In addition to a Q-and-A with Law as part of Sunday’s media column, we have this review:
The book: “Smart Baseball: The Story Behind the Old Stats That Are Ruining the Game, the New Ones that are Running It, and the Right Way to Think About Baseball”
The author: Keith Law
The vital statistics: William Morrow/Harper Collins, 304 pages, $27.99, scheduled to come out Tuesday, April 25
Find it: At Amazon.com, at Barnes & Noble, at Powells.com, at Vromans.com, at the publishers’ website, or the writers’ website
The pitch: Everyone wants to look and sound smart, or at least smarter, when it comes to baseball knowledge.
So Keith Law waits until Chapter 18, page 261, to drop the hammer.
“If your local writer is still talking about players in terms of pitcher wins, saves or RBI, he’s discussing the role of the homunculus in human reproduction. The battle is over, whether the losers realize it or not.”
Homunculus? My spellcheck just started hyperventilating.
It’s a reference to a very old theory about “a miniature adult” that was once thought to inhabit the germ cell and to produce a mature individual merely by an increase in size.
Another translation: An evolutionary process is happening in baseball, so no matter what you want to hang onto for deal life and claim it still matters, you risk being thought of a non-progressive resistance-to-change outcast who needs to get up to speed quickly or get left behind.
That kind of thinking is why you still may have a flip phone, a fax machine and are holding out hope your taxes might be calculated some day in your favor by using a loophole from the 1940s.
— Joe Odom (@jodom25) April 12, 2017
Law needed to write this — and Amazon.com already has this listed as a “best seller” in the “Business Facility Management” category, whatever that means.
And if you don’t pick up on the non-so-subtle hint in the book title, it’s not hip to be relying on outdated stats to measure a man’s worth on a diamond. It’s just his way to make it a bit more snarky and erudite at the same time.
The next logical step is then: What is important and more defining, how do we know that it is and how can we learn the new language?
Those who cling to formulas from the past likely do so because of how it’s the easiest comparison to players from the game’s history. They are easy-to-calculate numbers taught to us off the back of a baseball card.
But then open up a new set of Topps 2017. We’ll take our Bryce Harper No. 34 card from Series 1. The “traditional” stats are there but we see 14 categories total, including OPS and WAR. It shows Harper led the league in WAR with 9.5 in 2015 as well as a 1.109 OPS.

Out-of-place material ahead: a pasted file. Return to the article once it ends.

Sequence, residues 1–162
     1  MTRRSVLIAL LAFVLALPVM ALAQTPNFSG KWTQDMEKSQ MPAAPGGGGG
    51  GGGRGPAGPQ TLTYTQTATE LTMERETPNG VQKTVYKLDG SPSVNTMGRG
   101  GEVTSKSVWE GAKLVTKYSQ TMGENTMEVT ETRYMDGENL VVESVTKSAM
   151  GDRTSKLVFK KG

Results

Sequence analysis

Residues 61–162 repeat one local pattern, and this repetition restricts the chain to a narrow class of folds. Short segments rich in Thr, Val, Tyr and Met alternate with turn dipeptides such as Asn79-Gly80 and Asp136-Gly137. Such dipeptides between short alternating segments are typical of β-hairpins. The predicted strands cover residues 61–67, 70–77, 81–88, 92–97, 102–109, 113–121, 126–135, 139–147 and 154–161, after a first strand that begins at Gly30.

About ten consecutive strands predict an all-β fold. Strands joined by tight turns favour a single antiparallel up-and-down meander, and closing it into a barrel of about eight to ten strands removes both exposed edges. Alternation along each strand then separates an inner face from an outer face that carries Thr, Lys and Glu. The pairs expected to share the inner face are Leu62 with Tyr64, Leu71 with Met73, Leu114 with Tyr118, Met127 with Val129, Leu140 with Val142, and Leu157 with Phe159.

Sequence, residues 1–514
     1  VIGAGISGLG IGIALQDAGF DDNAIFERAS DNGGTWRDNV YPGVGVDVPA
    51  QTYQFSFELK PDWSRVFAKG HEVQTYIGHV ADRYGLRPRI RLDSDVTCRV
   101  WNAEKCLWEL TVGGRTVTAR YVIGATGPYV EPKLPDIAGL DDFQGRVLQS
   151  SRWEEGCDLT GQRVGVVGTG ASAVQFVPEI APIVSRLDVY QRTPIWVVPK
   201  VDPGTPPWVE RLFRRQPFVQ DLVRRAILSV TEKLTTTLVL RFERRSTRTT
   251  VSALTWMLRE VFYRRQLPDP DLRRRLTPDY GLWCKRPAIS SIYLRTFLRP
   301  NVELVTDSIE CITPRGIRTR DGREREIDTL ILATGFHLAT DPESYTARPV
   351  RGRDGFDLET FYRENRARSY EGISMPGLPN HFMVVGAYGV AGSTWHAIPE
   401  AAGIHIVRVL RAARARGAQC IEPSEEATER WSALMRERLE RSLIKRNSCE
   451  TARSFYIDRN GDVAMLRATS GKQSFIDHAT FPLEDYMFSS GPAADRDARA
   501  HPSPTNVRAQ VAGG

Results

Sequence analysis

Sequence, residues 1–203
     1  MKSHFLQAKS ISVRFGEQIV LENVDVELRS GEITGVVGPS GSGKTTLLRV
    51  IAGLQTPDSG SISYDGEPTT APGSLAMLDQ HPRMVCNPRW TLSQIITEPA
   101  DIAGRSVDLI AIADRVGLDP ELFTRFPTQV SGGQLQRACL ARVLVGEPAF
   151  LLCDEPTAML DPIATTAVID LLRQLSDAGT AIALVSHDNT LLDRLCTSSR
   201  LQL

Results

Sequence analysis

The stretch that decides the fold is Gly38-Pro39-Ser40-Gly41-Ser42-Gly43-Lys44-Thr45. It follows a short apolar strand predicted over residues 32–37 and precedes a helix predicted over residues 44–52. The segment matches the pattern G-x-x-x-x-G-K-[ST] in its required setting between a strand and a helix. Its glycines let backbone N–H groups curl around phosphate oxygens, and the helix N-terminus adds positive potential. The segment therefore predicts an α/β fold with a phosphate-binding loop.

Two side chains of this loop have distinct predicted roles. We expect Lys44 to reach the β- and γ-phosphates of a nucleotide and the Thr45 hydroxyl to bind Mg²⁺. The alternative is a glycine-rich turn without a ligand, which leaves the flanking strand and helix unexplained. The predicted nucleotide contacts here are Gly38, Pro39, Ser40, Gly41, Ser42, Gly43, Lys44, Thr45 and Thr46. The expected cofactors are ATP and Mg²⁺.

If your kid sees this and asks you what it means, don’t have that same face you do when he needs help on his algebra homework.
There is a reason we didn’t continue past high school trig and emerge ourselves in calculus. It got too confusing and didn’t seem practical. And it’s not as if we were going to Caltech anyway.
This isn’t the first year baseball cards have expanded their information in this way.
Law, a University of Harvard grad (economics and sociology) with an MBA from Carnegie Mellon who writes about player scouting and rankings for ESPN.com after spending time in the Toronto Blue Jays’ front office, admits in the introduction that he also grew up in a “Pleasantville-esque world of baseball statistics” found on the backs of trading cards.
Being good at math gave him a lot of “false confidence” when it came to fantasy baseball leagues, and a drive to be better at the faux games drove him to investigate new measurements of talent, a new perspective, just as the new Bill James’ books were coming out and STATS Inc., was emerging.
Chapter by chapter, Law explains why stats like batting average, pitching victories, RBIs, relief pitcher saves, stolen bases and fielding percentage are as flawed as the long-held beliefs that that someone needs to “protect” another hitter in the line by batting behind him, why the best hitter in the lineup should be hitting third (rather than second), and why there’s a fundamental problem in giving up an out to advance a runner.
Having dumped all over that, he then focuses on why OPS (even with its bad math), wOBA/WRC, WPA and WAR have more capital gains oomph … and ERA might be a “noisy statistic, but that doesn’t mean it’s devoid of value.”
Law is laying down the new-age law: Those with Ph Ds in computer science specialties are in MLB front offices changing the way data is gathered and deciphered. It’s not to say good old-fashion eye test isn’t still in play. No one can measure a players’ heart or desire, injured or healthy, amped up or depressed by whatever else is going on his life. Team chemistry will win more championships. There’s still that “sum of all its parts” math that still must come into play when breaking down individual performances according to the stat sheet that comes out at the end of the day.